As Henderson exited the stage, the audience demanded more, and they were treated to a few additional minutes as she brought the house down with “Do I Do”. Her session also included “Fow Daw Leve”, “Pani Pawol”, “500 Miles High”, “I Am Changing”, “Spain” and “Armando’s Rhumba”.

JAOTG 10 also featured performances by pannist Annise Hadeed, who was supported by Theron Shaw (guitar), Douglas Reddon (bass) and Richard Bailey (drums). Opening was Carlton “Zanda” Alexander and the Coalpot Band and multi-faceted vocalist Llettesha Sylvester.

For the original post: Joyful Jazz | Trinidad Express Newspaper | Sunday Mix.

“If chance will have me king, why, chance may crown me.”

The following article was posted by Michael Eldridge on August 14, 2011 on the site, Working for the Yankee Dollar.

MacBeth the Great (Patrick MacDonald), probably at Renaissance Ballroom, July 1947 | From the William P. Gottlieb Collection of Jazz Photos, Library of Congress

I keep coming across bits of trivia I can’t believe I haven’t stumbled upon before.  I already knew, thanks in part to Garl Jefferson, something of how calypso shared fans and venues with bebop in late 1940s Harlem.  Turns out they even shared bills.  Here’s a lovely anecdote from a famous piece previously unbeknownst to me, Paul Bacon’s “The High Priest of Bebop: The Inimitable Mr. Monk” (published originally in The Record Changer in 1949, it was reprinted in Rob Van der Bliek’s Thelonious Monk Reader):

There is, in Harlem, a monstrous barn of a dance-hall called the “Golden Gate”; quite a number of affairs are produced there every year, and the usual system is to have two alternating bands working–in the last few years the two bands have been one bop group and one Calypso band.  (There are a couple of remarkable calypso bands in New York, playing a real powerhouse music which is closer to Harlem in 1928 than Trinidad in any year.) The occasion I’m thinking of took place there in 1947…Macbeth’s calypso contingent shared the stand with a bop sextet fronted by Monk; the boppers were second in line, so, after a long set by Macbeth, Monk’s band wandered desultorily to the stand.

Monk fussed with the piano, discovering that it was a pretty venerable instrument…Close examination showed him that the pedal post was shakily attached; he jiggled the whole piano apprehensively, then shrugged his shoulders and concentrated on some music left behind by Macbeth’s pianist.

A little later I became aware that Thelonious was doing something extraordinary…as I watched, mesmerised, I saw that he was yanking at the pedal post with all his might (first he kept up with the band by reaching up with his right hand to strike an occasional chord, but he had to apply himself to the attack on the post with both hands, and get his back into it, too). There was a slight crack, a ripping sound, and off came the whole works, to be flung aside as Monk calmly resumed playing.  He never looked at it again, but when Macbeth’s man came back on the stand he stopped short, stunned.  It was obvious that here was a new experience, something outside the ken of a rational man; for the rest of the evening he looked upon Thelonious with a new respect.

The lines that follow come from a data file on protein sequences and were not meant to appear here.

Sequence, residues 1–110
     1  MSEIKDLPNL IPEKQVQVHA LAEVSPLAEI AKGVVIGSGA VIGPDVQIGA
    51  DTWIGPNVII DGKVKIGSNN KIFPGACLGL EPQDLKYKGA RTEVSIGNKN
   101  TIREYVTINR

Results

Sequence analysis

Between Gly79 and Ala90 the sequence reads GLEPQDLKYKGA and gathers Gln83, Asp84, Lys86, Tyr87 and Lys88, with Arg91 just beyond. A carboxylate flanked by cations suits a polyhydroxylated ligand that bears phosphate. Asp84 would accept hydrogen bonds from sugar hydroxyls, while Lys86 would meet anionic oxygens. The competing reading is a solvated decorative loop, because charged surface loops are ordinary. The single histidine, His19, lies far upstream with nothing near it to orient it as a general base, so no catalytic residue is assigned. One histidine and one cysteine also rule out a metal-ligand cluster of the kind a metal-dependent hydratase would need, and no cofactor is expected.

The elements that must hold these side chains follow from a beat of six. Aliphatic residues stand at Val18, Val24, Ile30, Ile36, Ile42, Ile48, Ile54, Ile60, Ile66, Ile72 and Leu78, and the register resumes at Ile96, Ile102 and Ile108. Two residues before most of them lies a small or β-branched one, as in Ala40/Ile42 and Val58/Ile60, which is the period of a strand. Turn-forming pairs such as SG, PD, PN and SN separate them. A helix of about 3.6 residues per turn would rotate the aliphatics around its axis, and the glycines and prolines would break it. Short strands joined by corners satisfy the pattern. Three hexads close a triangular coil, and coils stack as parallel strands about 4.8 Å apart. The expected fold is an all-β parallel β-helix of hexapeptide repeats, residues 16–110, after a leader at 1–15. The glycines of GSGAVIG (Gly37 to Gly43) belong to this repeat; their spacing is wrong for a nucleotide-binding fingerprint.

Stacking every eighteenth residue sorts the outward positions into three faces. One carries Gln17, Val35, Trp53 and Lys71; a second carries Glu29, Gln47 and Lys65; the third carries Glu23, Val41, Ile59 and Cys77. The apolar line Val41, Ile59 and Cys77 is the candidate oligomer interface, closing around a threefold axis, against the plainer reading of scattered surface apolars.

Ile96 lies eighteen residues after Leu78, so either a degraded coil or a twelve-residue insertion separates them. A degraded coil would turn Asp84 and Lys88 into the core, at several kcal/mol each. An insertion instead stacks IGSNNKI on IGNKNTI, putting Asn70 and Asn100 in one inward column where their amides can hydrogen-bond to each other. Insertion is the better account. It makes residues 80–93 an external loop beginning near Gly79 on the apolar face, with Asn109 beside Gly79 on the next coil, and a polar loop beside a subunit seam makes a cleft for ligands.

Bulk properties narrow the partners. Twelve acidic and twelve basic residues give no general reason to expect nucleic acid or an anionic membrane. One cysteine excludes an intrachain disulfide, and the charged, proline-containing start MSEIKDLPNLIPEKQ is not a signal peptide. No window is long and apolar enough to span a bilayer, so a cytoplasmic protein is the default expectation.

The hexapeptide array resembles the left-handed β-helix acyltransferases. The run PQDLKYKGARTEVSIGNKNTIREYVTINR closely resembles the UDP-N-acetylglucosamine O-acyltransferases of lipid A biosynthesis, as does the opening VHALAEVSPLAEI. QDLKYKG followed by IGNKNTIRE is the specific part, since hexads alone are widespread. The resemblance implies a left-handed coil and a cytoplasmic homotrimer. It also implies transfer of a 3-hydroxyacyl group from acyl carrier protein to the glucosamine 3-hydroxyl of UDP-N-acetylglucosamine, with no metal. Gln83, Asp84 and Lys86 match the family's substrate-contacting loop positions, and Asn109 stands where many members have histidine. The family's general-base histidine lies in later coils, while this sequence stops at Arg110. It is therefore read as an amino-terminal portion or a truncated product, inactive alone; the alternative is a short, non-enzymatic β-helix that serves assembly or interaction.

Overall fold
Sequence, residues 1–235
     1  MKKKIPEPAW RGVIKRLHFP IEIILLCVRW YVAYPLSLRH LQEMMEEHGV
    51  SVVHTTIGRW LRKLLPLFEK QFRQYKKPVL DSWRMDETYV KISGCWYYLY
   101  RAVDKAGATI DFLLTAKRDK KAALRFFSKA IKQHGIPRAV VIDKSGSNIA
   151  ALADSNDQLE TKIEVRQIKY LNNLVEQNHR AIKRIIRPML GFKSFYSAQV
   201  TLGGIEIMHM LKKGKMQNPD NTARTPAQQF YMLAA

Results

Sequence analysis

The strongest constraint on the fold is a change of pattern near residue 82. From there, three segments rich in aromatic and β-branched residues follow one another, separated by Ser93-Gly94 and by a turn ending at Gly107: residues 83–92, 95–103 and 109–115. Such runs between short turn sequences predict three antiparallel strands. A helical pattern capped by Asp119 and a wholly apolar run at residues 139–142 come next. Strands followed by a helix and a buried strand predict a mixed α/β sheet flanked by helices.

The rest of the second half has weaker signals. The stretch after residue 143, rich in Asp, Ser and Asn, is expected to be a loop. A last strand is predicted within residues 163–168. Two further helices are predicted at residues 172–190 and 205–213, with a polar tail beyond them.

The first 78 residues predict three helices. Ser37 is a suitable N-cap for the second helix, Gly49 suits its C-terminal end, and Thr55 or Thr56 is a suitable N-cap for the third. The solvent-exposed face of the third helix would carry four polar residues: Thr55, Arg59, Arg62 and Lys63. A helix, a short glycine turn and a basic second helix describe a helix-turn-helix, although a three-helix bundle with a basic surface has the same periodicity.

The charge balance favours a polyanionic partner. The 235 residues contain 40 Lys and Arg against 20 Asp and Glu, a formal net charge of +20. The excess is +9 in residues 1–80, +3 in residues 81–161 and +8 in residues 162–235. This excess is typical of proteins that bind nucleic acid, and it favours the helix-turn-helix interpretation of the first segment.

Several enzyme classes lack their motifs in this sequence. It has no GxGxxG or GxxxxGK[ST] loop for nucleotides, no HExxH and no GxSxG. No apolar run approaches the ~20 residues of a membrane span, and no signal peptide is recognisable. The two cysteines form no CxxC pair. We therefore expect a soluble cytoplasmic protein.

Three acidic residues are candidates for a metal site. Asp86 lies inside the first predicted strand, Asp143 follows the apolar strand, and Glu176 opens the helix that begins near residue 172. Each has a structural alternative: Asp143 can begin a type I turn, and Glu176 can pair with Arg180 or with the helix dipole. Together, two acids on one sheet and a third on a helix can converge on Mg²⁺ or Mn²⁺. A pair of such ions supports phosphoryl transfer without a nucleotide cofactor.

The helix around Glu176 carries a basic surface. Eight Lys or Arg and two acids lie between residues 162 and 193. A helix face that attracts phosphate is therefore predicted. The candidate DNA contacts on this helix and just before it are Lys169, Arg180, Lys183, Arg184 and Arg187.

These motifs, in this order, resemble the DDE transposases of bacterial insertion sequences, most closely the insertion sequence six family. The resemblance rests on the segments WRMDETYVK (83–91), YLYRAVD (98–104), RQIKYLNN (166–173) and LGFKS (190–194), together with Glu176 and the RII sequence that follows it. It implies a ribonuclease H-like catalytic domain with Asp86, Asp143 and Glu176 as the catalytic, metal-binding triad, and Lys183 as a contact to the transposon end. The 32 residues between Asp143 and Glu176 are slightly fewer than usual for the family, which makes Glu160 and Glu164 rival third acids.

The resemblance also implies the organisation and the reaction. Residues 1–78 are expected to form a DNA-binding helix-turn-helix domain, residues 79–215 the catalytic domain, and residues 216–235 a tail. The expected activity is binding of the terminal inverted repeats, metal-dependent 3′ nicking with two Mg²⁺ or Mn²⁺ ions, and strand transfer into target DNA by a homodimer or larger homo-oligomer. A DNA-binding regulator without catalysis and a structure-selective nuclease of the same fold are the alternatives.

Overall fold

(Bacon, the designer of dozens of classic albums for Blue Note and Riverside in the 1950s and one of Monk’s early journalistic champions–jazz nerd and Down Beat writer/photograph Bill Gottlieb was another–was interviewed at length last year by Marc Myers for his blog JazzWax.)

Thelonious Monk at Minton’s Playhouse, ca. September 1947 | From the William P. Gottlieb Collection of Jazz Photos, Library of Congress

So Monk’s Caribbean connection wasn’t just second-hand.  He grew up in San Juan Hill, an African-American neighborhood on Manhattan’s west side with a heavy West Indian presence.  As Robin D. G. Kelley tells it in his magisterial biography of Monk, “With the music, cuisine, dialects, and manners of the Caribbean and the American South everywhere in [San Juan Hill], virtually every kid became a kind of cultural hybrid,” and on the radio, at block parties, and through his neighbors’ victrolas, Monk inevitably “absorbed Caribbean music” (23).  His drummer Denzil Best, co-composer of the calypso-inflected “Bemsha Swing,” was the child of Bajan parents.  (“Bimsha” is a phonetic approximation of “Bimshire,” one of Barbados’ nicknames.)   His admirer and sometime student Randy Weston recorded “Fire Down There,” a/k/a “St. Thomas,” almost a year before Sonny Rollins did.  (In fact, Weston once told Rhashidah McNeill that his waltz “Little Niles,” composed in honor of his young son, was inspired by a “swinging quadrille” played for him by MacBeth.)  And while Monk’s go-to bassist and Weston’s childhood friend Ahmed Abdul-Malik, better known for his shared love (with Weston) of North African music, liked to tell people that his father was Sudanese, Robin Kelley claims that Abdul-Malik’s given name was Jonathan Timm and that both his parents were from St. Vincent.  (The bassist covered “Don’t Stop the Carnival,” a road march claimed by Lord Invader but associated with the Duke of Iron and Virgin Islands carnival, on his 1961 album The Sounds of Ahmed Abdul-Malik–again, a year ahead of Rollins.)  I’ve heard it rumored, moreover, that Abdul-Malik played for a time in MacBeth’s band.